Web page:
He opened the door and saw Basilio Bousa, 24, one of his next-door neighbors, standing on the other side of the vestibule’s heavy iron gate. Josh unlocked the gate. Then he slipped his two feet into its lowest rung and grabbed hold of each side with his hands so that his weight would pull open the gate. Basilio didn’t move or speak. Josh stepped out from behind the gate, into the open.
And then, he couldn’t see. He didn’t know why. He felt around with his hands, grasping for the walls. He forced his eyes open and glimpsed the wood paneling in the vestibule. It was the last thing he ever saw.
I was seven years old at the time and lived four blocks away, on St. Johns Place. My mother came into the kitchen that day or the next, her hands shaking. “Wendell,” she said, “whenever you answer the door, never go out to the gate until you know who is there. Always look through the window of the inside door. Because you know what happened? This little boy on President Street answered the door, and this crazy man poured acid on his head.”
She took me to our front gate and made me practice. I thought, Why would anyone do that to a kid? The newspaper provided no clues, just a brief article: “Boy, 4, Is Hurt by Acid Thrower.” For me, it was like a particularly chilling fairy tale by the Brothers Grimm. Until the day my mother sold the house, when I was nearly 40, I followed her advice from long ago: If the doorbell rang when I happened to be visiting, I hung back, just a little, as I answered it.
The attack on Josh Miele was the most notorious crime of my childhood, and in the end, it destroyed two families. We didn’t know the Mieles, but I always wanted to know why the attack had occurred and what had happened afterward: Had the families held it together? I wanted to know what had become of the “crazy man” and who he was. But most of all, I wanted to know what had become of that little boy.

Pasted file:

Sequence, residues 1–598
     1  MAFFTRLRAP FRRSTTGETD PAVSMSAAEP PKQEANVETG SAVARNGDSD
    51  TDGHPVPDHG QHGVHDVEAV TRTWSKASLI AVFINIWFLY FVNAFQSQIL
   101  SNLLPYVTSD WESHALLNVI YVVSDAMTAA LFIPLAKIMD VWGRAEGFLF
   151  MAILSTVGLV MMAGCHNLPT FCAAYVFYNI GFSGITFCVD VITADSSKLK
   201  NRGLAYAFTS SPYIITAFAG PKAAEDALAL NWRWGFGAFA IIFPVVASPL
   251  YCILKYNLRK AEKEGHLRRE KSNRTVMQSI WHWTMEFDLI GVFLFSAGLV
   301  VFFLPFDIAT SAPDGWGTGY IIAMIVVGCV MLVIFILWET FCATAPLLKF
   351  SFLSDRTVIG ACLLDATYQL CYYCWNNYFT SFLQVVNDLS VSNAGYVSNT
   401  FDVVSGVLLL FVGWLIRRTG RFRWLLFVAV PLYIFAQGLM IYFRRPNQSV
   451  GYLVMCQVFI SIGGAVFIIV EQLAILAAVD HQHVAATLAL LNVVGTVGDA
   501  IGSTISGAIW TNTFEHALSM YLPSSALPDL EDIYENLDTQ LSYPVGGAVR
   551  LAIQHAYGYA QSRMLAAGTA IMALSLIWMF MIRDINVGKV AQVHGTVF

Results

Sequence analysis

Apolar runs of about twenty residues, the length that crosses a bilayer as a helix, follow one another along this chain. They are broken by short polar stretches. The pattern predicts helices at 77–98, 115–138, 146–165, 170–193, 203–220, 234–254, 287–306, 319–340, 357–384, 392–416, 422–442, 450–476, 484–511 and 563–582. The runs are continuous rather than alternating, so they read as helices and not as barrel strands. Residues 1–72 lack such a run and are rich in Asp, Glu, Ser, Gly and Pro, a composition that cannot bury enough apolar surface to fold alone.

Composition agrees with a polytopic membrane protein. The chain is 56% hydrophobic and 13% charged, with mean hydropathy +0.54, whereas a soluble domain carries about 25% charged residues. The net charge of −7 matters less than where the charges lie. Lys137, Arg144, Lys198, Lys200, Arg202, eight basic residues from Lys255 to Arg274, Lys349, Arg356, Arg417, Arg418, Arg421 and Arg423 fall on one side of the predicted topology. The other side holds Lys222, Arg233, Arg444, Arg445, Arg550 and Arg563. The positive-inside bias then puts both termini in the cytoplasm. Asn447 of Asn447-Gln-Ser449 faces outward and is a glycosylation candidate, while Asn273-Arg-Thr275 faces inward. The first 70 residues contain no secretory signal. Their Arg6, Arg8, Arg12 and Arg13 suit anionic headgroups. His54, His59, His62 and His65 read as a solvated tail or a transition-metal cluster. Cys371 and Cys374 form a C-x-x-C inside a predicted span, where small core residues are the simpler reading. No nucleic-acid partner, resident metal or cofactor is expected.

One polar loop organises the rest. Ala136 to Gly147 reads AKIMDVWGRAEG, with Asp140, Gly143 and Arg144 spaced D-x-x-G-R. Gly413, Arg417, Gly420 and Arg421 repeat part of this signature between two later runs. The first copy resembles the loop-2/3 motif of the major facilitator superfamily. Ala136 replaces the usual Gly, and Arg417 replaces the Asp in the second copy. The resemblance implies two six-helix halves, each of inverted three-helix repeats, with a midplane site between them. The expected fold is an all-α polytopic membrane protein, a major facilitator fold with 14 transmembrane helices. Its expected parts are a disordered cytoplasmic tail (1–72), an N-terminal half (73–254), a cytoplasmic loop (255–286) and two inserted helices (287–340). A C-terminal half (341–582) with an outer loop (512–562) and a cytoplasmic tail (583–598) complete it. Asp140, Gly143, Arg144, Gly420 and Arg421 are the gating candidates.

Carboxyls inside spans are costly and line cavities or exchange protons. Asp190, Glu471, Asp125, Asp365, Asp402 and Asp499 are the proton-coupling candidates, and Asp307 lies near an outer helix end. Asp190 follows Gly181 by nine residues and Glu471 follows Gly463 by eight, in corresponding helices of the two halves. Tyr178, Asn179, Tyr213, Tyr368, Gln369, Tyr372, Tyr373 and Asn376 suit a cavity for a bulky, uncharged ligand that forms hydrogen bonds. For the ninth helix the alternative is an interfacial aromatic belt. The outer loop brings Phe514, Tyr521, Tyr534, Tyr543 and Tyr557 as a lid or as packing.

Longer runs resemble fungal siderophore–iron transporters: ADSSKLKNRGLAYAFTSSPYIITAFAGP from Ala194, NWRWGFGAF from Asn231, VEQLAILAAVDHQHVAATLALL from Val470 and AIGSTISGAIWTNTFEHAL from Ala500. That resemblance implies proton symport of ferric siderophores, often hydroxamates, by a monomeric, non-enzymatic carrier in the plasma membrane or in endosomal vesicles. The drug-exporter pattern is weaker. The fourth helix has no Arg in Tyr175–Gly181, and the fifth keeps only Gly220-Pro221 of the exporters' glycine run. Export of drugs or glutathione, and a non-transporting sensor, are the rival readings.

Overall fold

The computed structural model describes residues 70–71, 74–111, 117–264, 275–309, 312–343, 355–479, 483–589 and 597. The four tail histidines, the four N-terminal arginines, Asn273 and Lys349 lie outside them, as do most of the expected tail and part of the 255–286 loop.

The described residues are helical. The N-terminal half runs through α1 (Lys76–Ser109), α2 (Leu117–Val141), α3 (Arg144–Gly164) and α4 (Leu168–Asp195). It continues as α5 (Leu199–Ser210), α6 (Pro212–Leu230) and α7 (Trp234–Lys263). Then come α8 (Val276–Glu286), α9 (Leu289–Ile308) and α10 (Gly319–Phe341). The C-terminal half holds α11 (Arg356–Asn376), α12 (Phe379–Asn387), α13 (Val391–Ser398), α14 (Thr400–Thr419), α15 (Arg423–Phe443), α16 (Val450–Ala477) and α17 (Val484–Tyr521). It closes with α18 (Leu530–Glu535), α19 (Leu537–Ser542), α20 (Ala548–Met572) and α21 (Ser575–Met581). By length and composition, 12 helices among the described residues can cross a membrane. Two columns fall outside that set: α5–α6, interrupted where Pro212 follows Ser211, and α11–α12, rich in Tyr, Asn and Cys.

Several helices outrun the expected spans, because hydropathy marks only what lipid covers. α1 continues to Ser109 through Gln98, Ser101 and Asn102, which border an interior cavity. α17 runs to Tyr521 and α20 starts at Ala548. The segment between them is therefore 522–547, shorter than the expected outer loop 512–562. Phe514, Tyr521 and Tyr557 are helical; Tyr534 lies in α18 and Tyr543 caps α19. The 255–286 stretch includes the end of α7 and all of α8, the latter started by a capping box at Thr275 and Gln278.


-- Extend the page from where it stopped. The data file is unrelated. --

Jean Miele, Josh’s father, bought the narrow little house on President Street in 1965. The brownstones looked much as they do today, although their facades were worn, and many hid rooming houses within. The day the Mieles moved in, Jean immediately unpacked a shotgun, which he left sitting on his front stoop for all to see. He and Isabella had a son, also Jean, and a daughter, Julia. Josh was born in 1969.
Felipe and Clara Bousa moved from Cuba to President Street with their son Basilio in 1955. The Mieles and the Bousas went out to dinner together. Carmen, the Bousas’ daughter, babysat the Miele children. “When his mother brought Josh home from the hospital, I thought he was the most beautiful baby I’d ever seen,” Carmen told me after I reached her by phone recently.
But there were problems with Basilio. Carmen said her mother had detected something amiss with Basilio when he was one. She said that her parents had tried to get him help. As a young man, he used drugs heavily, was thrown out of Brooklyn College, and started working at the family’s bodega on Seventh Avenue.
For reasons unknown to everyone, Basilio became fixated on the Mieles. He broke one of their windows and later tossed a flaming bottle into their backyard, prompting a call to the police and an arrest.
He was released. He joined the Army but was absent without leave in October 1973. This is when he went to the bodega and bought a soda-acid fire extinguisher. He opened it, poured the sulfuric acid into a container, walked over to 851 President Street, and rang the bell.